"Different things to different souls. I am not sure what the old man says to other folks, but to me, he lets me in on the secrets of the way things are and the way things could be, would be and ought to be. For oak trees, there is no might be about life, that's for souls like you and me who live out here, in the walkabout world. For oak trees, life simply happens; for us walk-abouters, life is created."

"Oh," I said, hoping that all his words would begin to make sense when they all had settled in my remembering place. But for now, I just kept listening with my ear leaning toward the grizzly, gray bark of this magical tree.

As my grandfather recounted his recollections of his conversations with the old man in the oak, I began to realize that he was not spinning yarns from the fancy of his imaginations, he was letting me in on the secret that he had come upon a long time ago, down here by the river, by the river that had always flowed.

And as my grandfather's voice strolled me further and further into the distant realms, I could begin to hear the old man in the oak, quietly at first, like the sound the wind makes when it freshens to life through the tops of the pines. Muffled, at first, then a little closer, a little clearer, until the old man's voice emerged from the oak, to enwrap us with a voice that was filled with the smoke of an October fire.

"Boy, where have you been?" At first, I thought he must have been talking to me. ... but he wasn't. He was talking to my grandfather and I was but listening in.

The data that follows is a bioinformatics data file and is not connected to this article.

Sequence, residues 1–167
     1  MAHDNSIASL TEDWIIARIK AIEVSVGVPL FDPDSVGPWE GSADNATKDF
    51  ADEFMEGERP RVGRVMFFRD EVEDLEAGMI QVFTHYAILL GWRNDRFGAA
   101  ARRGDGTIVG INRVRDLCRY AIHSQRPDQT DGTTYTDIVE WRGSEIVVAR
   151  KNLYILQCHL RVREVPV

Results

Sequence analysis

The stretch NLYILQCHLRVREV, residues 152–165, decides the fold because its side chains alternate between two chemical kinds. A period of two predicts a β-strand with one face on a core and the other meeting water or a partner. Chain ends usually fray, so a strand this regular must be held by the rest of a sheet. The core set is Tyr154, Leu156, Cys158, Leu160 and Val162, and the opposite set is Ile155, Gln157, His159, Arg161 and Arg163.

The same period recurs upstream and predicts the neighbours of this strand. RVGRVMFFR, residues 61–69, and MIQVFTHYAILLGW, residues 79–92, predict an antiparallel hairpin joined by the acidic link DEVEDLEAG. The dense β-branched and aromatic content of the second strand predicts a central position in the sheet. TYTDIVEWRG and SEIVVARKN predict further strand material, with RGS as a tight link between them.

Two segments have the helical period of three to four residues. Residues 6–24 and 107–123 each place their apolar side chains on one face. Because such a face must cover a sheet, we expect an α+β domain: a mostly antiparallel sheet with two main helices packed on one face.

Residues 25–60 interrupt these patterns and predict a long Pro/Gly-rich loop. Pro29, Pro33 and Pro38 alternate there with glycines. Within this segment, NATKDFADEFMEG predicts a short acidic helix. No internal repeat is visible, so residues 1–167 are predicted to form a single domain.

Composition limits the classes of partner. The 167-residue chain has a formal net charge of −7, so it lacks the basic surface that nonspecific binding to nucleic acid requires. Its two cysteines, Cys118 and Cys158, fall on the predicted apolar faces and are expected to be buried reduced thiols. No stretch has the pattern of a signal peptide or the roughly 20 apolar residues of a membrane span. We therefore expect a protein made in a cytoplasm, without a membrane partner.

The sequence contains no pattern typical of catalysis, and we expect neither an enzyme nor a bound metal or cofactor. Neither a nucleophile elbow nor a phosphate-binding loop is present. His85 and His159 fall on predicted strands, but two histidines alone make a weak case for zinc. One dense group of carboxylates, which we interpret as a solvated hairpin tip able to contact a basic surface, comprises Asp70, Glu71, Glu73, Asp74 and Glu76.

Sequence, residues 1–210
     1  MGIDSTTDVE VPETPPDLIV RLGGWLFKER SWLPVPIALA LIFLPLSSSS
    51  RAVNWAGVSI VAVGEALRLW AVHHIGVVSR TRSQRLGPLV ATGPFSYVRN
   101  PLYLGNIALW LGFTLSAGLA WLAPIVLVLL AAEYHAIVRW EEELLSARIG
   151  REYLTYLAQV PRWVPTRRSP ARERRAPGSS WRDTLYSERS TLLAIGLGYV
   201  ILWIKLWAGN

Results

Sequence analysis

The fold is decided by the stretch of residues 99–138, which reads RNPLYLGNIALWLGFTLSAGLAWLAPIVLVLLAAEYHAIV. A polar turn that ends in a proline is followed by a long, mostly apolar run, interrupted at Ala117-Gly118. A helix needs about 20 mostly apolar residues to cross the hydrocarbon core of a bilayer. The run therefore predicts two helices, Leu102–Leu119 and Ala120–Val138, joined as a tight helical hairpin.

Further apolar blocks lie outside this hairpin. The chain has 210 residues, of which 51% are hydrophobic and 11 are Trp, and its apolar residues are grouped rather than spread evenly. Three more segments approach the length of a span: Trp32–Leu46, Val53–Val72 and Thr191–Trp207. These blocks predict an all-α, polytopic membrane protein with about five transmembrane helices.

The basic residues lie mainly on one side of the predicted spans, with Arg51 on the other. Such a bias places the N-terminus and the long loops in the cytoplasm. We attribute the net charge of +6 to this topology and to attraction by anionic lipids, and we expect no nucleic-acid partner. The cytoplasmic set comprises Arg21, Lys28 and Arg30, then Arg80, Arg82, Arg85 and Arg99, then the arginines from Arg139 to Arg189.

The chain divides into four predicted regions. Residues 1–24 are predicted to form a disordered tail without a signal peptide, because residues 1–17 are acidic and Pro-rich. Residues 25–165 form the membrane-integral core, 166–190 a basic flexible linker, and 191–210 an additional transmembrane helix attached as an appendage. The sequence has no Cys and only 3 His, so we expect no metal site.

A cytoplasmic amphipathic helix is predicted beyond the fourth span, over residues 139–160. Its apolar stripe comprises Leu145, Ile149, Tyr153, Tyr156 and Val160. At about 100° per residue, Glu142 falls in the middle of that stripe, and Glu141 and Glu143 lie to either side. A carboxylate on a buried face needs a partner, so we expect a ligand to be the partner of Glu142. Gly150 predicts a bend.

Now I am the weathered and worn, old November soul who sits in the shade of his oak tree. I sit here listening with my wide-eyed granddaughters for the voice of the old man in the oak while the river of life keeps flowing by.

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This article has been read 1072 times
Member Comments
Member Date
Debra Martinez07/09/09
Your poetic language was lovely. It gave me wonderful pictures to ponder. Thanks.
Virgil Youngblood 07/09/09
I enjoyed everything about this story. Great job.
c clemons07/10/09
Good writing skill.
Genia Gilbert07/10/09
This held my attention, gave me a sense of continuing life and family. Good descriptive writing.
Charla Diehl 07/11/09
Liked the tradition of each generation's planting of an oak and the sharing of their lives together as they acquired their November souls.